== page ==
Picture Taking Evangelism

One of the major struggles with evangelism is trying to get into a conversation with a stranger. Thoughts of what to talk about, how to swing from the natural to the spiritual, and all the awkwardness flood our minds. With that being said, nothing is easier than Picture Taking Evangelism (PTE).

What is Picture Taking Evangelism?

When you are out and about at an event with friends and family you want to get that perfect picture with your besties to literally capture the moment for years to come. The problem with that is sometimes it is almost impossible to do that without someone not involved in your party. You awkwardly extend your arm trying to hold your phone out while trying to get your finger to work to hit the button. It slips or you get a cramp. Take one quickly turns into take five, and the mood extinguished by the frustration of taking that perfect pic. Luckily if you play your cards right, you can find someone who has done this before and is able to get the right shot.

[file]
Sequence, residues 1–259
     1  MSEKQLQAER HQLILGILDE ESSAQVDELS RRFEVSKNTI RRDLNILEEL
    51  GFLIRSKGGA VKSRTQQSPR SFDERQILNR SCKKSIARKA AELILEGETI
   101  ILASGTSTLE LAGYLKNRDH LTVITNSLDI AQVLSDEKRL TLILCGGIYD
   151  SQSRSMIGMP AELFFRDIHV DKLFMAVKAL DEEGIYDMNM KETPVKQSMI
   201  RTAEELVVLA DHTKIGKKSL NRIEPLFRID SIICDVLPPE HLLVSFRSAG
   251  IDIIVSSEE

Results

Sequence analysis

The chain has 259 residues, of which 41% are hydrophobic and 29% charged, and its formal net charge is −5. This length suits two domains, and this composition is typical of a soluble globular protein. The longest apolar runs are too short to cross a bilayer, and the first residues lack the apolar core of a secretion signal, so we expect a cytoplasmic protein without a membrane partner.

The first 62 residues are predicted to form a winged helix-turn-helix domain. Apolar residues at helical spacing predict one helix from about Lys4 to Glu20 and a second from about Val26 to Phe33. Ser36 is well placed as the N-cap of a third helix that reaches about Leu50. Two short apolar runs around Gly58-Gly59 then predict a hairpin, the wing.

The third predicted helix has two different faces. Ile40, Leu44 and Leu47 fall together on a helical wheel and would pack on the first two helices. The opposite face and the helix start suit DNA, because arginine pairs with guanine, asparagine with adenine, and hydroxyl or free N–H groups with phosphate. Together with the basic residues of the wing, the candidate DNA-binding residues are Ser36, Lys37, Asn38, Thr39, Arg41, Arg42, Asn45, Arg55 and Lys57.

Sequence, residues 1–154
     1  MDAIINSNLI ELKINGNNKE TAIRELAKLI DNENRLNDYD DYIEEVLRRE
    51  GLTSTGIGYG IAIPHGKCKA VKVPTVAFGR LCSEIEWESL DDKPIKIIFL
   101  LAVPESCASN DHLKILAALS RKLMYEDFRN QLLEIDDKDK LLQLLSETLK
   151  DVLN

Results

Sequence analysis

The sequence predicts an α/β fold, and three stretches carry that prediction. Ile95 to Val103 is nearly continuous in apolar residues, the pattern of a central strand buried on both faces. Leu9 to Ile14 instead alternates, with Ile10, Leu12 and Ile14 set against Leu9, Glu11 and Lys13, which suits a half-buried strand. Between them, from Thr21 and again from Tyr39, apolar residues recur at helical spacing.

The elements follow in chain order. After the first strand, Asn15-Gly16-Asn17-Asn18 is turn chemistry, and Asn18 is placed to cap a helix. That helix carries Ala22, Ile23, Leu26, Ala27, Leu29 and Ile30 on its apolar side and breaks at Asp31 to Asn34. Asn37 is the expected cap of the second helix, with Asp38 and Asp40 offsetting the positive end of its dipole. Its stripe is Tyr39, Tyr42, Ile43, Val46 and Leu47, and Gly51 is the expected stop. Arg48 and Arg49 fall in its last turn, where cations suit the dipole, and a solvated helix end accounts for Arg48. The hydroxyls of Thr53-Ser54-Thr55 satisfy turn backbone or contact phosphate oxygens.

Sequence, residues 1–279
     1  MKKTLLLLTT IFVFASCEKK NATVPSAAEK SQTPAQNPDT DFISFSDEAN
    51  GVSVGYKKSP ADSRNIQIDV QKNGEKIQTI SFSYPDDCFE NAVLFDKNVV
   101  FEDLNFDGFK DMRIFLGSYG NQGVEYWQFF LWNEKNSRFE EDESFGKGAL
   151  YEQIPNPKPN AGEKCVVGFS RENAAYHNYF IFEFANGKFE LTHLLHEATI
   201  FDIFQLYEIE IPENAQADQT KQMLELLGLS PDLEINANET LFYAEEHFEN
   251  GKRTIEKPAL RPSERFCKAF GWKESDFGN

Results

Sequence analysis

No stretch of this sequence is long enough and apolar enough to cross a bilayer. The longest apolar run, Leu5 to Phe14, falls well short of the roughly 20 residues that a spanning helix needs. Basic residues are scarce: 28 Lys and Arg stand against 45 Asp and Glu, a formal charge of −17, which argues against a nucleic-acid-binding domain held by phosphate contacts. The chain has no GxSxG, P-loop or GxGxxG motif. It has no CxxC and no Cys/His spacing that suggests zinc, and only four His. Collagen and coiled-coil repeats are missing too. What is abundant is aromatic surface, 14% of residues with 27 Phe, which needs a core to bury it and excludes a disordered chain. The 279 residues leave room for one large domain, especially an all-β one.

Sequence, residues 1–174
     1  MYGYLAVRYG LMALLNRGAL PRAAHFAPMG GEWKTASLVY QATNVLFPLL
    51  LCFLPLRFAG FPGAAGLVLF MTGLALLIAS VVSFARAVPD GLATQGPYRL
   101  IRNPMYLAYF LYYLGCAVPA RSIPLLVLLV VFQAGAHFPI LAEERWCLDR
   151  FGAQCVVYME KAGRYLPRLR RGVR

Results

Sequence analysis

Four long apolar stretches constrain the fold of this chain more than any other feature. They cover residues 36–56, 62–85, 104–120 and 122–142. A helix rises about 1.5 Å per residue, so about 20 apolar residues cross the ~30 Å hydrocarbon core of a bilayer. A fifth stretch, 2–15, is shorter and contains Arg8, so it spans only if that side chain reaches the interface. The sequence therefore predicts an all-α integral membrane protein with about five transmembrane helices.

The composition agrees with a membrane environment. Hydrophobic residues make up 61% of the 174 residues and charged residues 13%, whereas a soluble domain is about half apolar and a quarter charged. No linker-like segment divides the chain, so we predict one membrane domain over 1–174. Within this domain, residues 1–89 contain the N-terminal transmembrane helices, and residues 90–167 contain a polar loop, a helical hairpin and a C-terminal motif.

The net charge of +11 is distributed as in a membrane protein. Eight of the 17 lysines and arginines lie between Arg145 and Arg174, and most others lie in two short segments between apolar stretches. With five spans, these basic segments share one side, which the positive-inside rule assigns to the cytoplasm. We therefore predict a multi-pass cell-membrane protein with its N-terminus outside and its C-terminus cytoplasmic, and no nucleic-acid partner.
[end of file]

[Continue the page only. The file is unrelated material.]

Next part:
We can love and help our neighbor while honoring God at the same time. PTE in a nutshell is taking pictures of people with their phone or camera in order to provide a service to them and open door to share God’s Word.

How Picture Taking Evangelism works.

In evangelism, everything starts with the senses that God gave us. If you are at an event, take time to observe people taking pictures. Find the places that people gravitate to and take those perfect shots. Throughout history, humans gravitate towards water for sustainability, as well as beauty. Places like Niagra Falls, the beach, cruises, and so on; many people love the water, and is a popular place to be. Wherever there is water, start there.

Preparing to approach.

In order to get the perfect shot and be ready to make the transition from the natural to the spiritual, you have to be prepared to do it as quickly as possible. First, put your gospel tracts in your back right pocket, your go-to’s that you want to start with first. In your left pocket, put your follow up stuff or non-gospel related items. This can be brochures of the event you are at, informational things like maps, historical background or even information on the best restaurants in the area. If you don’t have anything about the event you are at, maybe some gospels of John would be a good choice. Only keep a few items at a time to make grabbing them as simple as possible to limit the fumbling for these items as flawless as possible.

The approach